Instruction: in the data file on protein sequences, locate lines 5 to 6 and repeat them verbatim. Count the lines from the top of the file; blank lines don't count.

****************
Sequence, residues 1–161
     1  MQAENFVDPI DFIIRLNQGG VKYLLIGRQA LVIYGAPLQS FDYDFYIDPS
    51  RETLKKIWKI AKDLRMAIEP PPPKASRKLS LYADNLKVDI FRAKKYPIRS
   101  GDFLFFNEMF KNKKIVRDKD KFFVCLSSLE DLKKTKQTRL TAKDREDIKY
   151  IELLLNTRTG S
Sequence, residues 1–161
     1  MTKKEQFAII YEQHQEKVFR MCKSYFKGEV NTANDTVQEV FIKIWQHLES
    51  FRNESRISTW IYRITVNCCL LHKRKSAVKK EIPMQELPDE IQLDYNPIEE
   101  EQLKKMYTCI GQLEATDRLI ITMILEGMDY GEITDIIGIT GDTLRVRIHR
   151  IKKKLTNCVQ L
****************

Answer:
   151  IELLLNTRTG S
Sequence, residues 1–161